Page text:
THE BIRTH OF BHAGAVATA MELA
In the history of Indian music three kinds of dramas are discernible.
They are namely: nataka, nrtya nataka, and geya nataka. Nrtya natakas
are earlier than geya natakas and adhere strictly to the Natya Sastra
Even during the rule of Cholas in Tamil Nadu, especially
Thanjavur, geya natakams and sadir were a regular feature in the temples
and Royal Court during festivities. It is believed that these
performances were mostly of grand operas. Such performances and the
performers were patronised by the kings.
From the 9th Century AD when marked development and growth of
regional languages took place, the Sanskrit theatre tradition too was
getting adopted to regional languages. An excellent example of one such
work is Jayadeva's "Gita Govindam". Came into being as a result of
Bhakti Movement to counter the milieu, it occupies a key position in the
history of both music and dance that led to the flowering of a
classical musical dance-dramas in the local languages, in different
parts of the country. Yakshaganas of Karnataka, Kuchipudi Bhagavata Mela
natakams of Andhra Pradesh, Koodiyattam of Kerala, Ariya Koothu,
Bhagavata Mela and Kuravanji natakas of Tamil Nadu stand an axiom.
Yakshaganas, Bhagavata Mela and Kuravanji natakams are nrtya natakas.
The Yakshaganas and Kuravanji natakas happen to be popular varieties,
while the Bhagavata Mela nataka is a refined classical dance drama.
The Yakshaganas form a priceless part of the legacies that the
Nayak rulers of Thanjavur had bequeathed to their successors, the
Marathas. If Raghunatha Nayak (1600-1634 A.D) inaugurated the golden era
of Telugu learning and literature in Thanjavur, it was during the
period of Vijayaraghava Nayak (1634-1673 A.D) that it received fresh
impetus and developed new features of its own, which consequently led to
the amazing growth of Yakshagana literature.
The Maratha Rajas not only took to the Telugu language but
themselves acquired remarkable degree of proficiency in composing and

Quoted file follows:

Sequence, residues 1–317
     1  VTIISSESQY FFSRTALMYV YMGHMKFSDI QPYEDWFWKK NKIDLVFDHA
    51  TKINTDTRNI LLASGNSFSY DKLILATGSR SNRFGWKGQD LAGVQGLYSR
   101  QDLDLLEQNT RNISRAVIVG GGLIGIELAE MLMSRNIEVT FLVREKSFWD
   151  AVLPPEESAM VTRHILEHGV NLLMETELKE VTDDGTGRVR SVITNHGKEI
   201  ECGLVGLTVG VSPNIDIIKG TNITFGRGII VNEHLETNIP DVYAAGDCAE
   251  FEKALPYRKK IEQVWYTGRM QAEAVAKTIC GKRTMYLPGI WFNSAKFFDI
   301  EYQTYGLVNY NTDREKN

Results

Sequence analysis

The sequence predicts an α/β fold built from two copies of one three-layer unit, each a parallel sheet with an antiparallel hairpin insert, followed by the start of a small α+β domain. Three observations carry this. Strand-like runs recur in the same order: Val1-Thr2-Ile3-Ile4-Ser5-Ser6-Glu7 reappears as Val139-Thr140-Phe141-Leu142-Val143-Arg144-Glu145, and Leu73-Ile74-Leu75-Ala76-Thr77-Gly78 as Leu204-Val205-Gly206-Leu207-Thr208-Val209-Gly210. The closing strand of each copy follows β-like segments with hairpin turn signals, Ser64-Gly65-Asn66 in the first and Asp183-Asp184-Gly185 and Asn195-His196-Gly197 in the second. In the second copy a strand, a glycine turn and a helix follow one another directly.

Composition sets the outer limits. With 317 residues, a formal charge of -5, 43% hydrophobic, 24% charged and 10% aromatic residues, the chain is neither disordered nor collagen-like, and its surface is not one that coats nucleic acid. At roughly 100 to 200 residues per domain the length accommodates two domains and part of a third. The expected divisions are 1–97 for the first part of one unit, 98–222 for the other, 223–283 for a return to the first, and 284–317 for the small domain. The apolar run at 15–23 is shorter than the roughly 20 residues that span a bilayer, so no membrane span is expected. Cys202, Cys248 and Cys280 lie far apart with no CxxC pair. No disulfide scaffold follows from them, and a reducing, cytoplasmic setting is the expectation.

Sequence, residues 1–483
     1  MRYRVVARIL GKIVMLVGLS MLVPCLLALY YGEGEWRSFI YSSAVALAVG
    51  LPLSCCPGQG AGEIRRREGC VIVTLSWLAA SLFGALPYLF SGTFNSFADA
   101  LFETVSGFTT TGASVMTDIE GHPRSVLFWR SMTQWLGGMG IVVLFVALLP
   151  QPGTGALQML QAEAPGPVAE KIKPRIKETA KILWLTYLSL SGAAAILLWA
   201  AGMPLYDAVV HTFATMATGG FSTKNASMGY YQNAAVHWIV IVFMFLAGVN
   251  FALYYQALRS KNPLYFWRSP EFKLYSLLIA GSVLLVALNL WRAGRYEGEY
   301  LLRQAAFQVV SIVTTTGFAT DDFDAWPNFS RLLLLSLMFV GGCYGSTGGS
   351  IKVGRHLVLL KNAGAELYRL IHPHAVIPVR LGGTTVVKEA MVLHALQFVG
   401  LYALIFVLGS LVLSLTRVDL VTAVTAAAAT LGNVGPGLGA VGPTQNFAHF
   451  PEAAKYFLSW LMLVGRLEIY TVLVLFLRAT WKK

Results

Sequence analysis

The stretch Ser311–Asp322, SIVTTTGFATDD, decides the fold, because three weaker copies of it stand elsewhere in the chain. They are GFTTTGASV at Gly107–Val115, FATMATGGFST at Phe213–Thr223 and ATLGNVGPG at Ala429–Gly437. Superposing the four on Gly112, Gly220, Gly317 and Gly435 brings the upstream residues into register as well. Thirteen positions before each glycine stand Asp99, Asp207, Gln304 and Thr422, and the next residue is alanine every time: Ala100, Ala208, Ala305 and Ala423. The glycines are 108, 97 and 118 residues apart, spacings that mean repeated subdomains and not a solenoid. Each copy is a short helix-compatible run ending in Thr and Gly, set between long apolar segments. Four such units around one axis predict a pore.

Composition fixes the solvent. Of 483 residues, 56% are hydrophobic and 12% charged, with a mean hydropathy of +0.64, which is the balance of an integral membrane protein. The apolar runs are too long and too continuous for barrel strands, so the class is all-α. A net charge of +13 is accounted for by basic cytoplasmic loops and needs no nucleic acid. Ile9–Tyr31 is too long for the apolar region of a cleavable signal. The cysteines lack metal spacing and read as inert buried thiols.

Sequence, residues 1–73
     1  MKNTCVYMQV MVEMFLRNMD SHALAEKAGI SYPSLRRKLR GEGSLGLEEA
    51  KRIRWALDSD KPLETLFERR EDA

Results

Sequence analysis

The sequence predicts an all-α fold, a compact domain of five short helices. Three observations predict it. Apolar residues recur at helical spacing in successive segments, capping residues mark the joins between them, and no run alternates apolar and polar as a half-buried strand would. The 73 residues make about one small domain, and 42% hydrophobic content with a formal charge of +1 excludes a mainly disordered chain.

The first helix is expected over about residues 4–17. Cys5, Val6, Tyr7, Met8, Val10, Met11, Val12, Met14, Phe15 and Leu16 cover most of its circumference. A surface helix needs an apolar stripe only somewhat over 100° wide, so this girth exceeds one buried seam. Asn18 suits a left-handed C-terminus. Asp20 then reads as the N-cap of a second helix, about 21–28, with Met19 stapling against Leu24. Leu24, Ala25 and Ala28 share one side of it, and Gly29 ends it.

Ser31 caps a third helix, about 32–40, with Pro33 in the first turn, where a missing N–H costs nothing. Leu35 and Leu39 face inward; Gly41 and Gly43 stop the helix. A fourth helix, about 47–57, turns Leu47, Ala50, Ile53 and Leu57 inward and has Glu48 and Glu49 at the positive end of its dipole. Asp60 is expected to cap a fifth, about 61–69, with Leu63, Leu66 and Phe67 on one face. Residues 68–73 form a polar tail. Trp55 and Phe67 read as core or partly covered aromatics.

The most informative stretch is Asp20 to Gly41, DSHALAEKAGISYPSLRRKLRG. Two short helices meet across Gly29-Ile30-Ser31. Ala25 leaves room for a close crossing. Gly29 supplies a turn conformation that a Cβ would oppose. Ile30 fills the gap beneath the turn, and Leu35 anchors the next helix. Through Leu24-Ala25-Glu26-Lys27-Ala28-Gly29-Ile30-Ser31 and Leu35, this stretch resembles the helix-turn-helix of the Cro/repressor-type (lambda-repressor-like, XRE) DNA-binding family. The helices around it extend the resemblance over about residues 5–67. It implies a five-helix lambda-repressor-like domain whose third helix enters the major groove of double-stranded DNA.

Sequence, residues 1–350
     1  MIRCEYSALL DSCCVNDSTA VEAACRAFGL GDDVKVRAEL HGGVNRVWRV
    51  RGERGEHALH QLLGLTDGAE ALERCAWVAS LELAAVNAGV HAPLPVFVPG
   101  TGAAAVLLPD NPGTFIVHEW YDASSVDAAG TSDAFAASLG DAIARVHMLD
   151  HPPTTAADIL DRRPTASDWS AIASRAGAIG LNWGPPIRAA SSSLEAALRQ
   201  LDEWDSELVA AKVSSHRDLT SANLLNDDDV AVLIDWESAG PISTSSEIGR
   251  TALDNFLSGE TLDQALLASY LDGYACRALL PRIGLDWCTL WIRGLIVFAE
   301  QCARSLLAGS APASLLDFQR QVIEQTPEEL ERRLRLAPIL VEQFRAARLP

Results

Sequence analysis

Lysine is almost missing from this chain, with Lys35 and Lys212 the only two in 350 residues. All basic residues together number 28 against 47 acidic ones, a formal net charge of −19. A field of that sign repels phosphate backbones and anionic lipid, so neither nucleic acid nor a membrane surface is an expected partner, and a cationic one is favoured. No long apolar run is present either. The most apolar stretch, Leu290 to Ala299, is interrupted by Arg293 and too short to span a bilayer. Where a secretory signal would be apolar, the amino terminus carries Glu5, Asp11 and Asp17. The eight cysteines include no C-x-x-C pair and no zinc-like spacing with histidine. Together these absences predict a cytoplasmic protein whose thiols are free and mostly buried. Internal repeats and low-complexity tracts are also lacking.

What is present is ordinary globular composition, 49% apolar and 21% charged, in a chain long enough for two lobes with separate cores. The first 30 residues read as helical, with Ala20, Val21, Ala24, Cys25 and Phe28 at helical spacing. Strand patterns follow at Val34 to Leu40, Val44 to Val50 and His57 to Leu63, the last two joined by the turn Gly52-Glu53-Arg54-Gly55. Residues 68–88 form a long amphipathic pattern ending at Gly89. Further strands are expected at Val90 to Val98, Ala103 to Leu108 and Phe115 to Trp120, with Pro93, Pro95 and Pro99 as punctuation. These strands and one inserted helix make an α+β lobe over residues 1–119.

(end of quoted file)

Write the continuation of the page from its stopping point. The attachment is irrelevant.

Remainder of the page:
became reputed authors of a large number of literatures in Telugu. Like
Nayaks, Maratha Rajas too patronised poets and scholars in Telugu
language by donating free gifts of land, property and founding colonies
for establishing scholarly families.
According to Madurakavita of Telugu literature, the language,
metre and sentiment are "Desi" and are characterised by music and dance
elements, and are enacted before an audience from which developed, later
on, the refined musical plays. And Bhagavata Mela falls in this form of
The tradition of Bhagavata Mela natakams of Tamil Nadu employed
the art of music and dance in rich flavour using themes from "Srimad
Bhagavatam" and other "Puranams" to extol the principle of Bhakti. To
maintain the purity of purpose, only men called "Bhagavatulu",
Bhagavatar", participated in this art and thus the tradition came to be
known as "Bhagavata Mela". Obviously, the Bhagavata Mela natakams are
considered a cultus and therefore, are performed only in the propylaeum
or within the precinct of temples, even today.
Thus the Bhagavata Mela tradition took roots in the Tamil
country, especially in the then Chola mandalam, during the early part of
the 16th Century AD. But no vestiges are found to establish that the
tradition of Bhagavata Mela of Tamil country is of Andhra origin.